The architectural styles represented in the district are diverse, and the buildings provide a rich record of the changing tastes of the growing city, the acquisition of wealth by some, and the ever present need for housing for the growing middle class of the city. The most prevalent style in the district is the late Queen Anne with elements wich demonstrate the restraining influence of the colonial revival. These buldings are characterized by an increasing compactness of massing, a tendency away from asymmetry and complexity of ornament while still retaining the decorative impulses of the Queen Anne. Many expressions of this transitional style are to be found in the Fort Street Historic District applied to a variety of dwellings, large and small, and apartment buildings. The district also includes fine examples of the mature Queen Anne, most notably in the Bush mansion, complete with towers, cresting, and a wealth of decorative detail. The vernacular tradition of residential building has a number of examples as well. Vertical massing, proportions influenced by folk tradition or pattern books, and absence of stylistic reference are characteristic of these houses, which are among the oldest buildings in the district.
Also represented in the Fort Street district are the box-type residences which became very popular in Boise in the years 1906 to 1915. Characterized by square massing, low hipped roof, symmetrical facade, and broad front porch, this plan often bore reference to the Tudoresque style, built in stucco and half-timber with Boise sandstone trim, or suggested the Colonial Revival, Bungalow, or mission style. The bungalow is represented in the district and is found in a variety of forms from the California-inspired Fred Coleman bungalow at 1423 Franklin Street to the builder bungalows of Boise contractor J. O. Jordan. Also worthy of note is the single example of the Prairie style, the Judge C. P. McCarthy House, 1415 Fort Street (National Register, August 30, 1979), built in 1913.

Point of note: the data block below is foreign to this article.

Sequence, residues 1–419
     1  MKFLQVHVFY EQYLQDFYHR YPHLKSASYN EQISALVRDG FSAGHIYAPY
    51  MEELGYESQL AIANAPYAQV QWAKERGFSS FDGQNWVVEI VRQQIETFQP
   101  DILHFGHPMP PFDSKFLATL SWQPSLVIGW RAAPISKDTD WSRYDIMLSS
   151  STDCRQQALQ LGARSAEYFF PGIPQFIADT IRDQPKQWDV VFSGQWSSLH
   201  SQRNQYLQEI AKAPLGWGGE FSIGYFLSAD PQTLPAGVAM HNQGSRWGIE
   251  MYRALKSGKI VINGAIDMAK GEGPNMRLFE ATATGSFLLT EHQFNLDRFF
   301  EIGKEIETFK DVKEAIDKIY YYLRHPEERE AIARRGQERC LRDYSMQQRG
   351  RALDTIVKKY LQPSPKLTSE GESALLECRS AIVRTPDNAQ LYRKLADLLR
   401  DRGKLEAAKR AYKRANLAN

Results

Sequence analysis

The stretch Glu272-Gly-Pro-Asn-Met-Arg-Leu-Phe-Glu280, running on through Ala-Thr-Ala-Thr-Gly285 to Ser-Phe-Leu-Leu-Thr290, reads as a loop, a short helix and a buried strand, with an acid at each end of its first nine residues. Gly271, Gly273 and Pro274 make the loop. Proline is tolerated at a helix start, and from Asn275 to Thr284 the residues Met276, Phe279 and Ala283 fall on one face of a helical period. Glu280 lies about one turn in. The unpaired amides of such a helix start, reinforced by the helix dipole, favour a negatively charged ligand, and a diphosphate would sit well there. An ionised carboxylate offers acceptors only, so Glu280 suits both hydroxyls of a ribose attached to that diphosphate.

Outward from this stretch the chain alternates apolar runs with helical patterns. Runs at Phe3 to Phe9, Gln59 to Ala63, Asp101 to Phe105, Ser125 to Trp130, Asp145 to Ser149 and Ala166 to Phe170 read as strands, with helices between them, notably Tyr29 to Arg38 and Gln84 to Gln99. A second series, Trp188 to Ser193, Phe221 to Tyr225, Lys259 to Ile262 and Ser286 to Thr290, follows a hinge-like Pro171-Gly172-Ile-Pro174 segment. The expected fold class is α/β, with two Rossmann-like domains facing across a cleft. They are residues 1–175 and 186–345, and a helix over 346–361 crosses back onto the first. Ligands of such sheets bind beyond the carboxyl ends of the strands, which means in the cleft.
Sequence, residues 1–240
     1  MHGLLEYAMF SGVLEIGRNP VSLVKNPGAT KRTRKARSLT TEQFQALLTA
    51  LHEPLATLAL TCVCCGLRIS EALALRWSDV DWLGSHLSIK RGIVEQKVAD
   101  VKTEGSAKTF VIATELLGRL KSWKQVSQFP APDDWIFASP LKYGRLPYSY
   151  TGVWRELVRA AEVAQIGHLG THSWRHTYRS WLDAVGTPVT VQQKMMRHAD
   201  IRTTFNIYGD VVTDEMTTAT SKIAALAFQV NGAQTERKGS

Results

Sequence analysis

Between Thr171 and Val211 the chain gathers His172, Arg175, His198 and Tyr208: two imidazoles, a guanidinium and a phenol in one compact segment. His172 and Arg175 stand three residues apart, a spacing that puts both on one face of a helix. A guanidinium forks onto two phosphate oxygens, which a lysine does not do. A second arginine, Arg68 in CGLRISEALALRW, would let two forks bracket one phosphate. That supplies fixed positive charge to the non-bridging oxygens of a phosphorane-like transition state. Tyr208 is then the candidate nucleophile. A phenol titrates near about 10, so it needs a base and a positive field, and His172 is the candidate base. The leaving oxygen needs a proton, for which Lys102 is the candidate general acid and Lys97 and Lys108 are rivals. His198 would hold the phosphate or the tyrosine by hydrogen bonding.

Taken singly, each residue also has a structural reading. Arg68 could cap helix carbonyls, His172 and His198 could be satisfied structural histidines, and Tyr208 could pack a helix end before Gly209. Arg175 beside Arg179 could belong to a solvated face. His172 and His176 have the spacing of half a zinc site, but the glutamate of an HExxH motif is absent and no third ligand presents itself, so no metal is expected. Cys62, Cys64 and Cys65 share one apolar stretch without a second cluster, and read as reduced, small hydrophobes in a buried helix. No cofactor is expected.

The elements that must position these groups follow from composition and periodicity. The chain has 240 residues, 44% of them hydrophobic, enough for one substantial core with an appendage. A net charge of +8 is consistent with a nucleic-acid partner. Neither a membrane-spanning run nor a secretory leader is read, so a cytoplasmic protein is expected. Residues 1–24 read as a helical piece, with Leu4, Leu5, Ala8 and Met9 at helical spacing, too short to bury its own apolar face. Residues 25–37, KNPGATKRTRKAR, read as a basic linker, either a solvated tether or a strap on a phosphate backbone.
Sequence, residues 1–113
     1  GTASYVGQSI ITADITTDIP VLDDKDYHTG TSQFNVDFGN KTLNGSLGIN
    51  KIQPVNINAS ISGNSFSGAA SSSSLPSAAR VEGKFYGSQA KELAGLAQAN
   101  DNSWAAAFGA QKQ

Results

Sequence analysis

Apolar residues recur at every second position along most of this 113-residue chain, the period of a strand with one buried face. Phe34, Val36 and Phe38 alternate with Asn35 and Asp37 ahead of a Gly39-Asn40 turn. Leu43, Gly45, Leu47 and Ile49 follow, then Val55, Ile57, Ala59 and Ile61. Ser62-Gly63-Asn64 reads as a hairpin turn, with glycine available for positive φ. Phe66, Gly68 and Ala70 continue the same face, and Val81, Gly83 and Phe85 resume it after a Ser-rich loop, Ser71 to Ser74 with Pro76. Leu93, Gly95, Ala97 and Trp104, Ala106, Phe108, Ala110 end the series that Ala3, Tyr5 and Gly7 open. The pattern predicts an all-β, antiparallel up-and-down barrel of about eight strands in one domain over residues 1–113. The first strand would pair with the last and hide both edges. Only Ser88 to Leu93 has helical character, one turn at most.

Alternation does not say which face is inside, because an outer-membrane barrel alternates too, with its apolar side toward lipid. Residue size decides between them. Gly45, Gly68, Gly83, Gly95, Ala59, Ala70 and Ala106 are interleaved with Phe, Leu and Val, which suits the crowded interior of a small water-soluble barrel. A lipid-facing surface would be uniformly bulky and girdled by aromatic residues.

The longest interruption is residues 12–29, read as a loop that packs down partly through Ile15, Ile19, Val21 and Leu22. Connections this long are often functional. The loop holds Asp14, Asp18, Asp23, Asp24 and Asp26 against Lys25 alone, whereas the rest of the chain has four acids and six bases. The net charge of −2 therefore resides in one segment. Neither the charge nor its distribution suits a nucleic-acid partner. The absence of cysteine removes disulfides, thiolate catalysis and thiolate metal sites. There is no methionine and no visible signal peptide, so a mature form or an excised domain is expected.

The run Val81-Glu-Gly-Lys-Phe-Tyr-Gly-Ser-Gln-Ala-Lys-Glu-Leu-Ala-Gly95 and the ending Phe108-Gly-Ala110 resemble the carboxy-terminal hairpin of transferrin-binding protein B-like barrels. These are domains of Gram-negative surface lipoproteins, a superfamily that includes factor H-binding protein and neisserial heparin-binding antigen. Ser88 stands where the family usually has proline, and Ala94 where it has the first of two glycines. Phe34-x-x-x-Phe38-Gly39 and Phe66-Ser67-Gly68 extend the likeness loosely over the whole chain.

The decades of the twenties and thirties are represented by a few examples of modest Mission style dwellings and an isolated few English cottages. Art deco buildings are few in number, but the style finds handsome expression in the Boise High School Gymnasium and North Junior High School, both W.P.A. projects. Also, the old Whittier School was remodeled and given a more modern art deco appearance disguising the fact that it is the oldest building in the school district.